Remember the $629 million budget gap the School District walked into Council with this spring? It was only part of the story. The district's budget gap was only $629 million if a couple of things happened: 1) The schools got $75 million in concessions from its unions -- that hasn't happened yet; 2) the schools got $57 million in charter reimbursements from the state. That appears to not be happening: The budget passed by the State Senate last night eliminates charter school reimbursements entirely.
What are charter school reimbursements? Basically, they're an acknowledgement that when a student goes from a public school to a charter school and takes per-pupil funding with her, she leaves some cost behind. As the Daily News said last month:
Every child who leaves a traditional public school does not also take a fraction of a teacher or part of the school building he's leaving. Ultimately, a district educating fewer students will spend less, but building consolidation and staff downsizing takes time.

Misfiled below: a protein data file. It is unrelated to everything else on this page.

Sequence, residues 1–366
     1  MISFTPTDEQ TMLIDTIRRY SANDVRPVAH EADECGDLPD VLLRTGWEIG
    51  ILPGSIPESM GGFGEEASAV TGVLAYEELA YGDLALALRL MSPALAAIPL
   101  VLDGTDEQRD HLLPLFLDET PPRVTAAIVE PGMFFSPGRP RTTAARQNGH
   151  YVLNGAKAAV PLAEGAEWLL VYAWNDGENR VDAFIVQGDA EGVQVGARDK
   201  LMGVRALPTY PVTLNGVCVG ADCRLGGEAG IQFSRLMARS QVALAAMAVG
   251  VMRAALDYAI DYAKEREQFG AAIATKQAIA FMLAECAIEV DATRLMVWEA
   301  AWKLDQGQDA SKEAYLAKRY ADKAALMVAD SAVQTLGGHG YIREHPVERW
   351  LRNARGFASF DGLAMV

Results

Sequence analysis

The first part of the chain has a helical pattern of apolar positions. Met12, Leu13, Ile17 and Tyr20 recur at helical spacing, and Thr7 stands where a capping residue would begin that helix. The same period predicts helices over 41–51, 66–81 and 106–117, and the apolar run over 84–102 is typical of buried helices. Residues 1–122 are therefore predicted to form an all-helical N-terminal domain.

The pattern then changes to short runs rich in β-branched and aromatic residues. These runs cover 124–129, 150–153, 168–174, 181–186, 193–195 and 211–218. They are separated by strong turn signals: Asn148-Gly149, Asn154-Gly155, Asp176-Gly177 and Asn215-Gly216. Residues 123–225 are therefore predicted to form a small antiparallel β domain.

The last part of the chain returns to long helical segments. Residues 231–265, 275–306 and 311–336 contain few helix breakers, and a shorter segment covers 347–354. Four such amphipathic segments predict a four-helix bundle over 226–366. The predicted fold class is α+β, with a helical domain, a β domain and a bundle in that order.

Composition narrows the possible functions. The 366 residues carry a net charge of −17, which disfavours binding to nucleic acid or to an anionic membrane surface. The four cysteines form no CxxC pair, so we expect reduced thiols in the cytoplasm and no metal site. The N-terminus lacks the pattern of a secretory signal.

(Full disclosure: I'm married to a Philadelphia charter school teacher.)
There are a number of issues surrounding the state's push for more charter schools. Being unrealistic about their cost doesn't seem like a great way to start resolving them -- so that's a bad job by the state.
Having said that, if this money isn't coming, the fact that the school district made this assumption doesn't paint a pretty picture about the schools' fiscal planning, either.
UPDATE: Kristen Graham reports that when the district subtracts the $57 million, then adds $22 million from an Accountability Block Grant, it winds up with a new $35 million shortfall.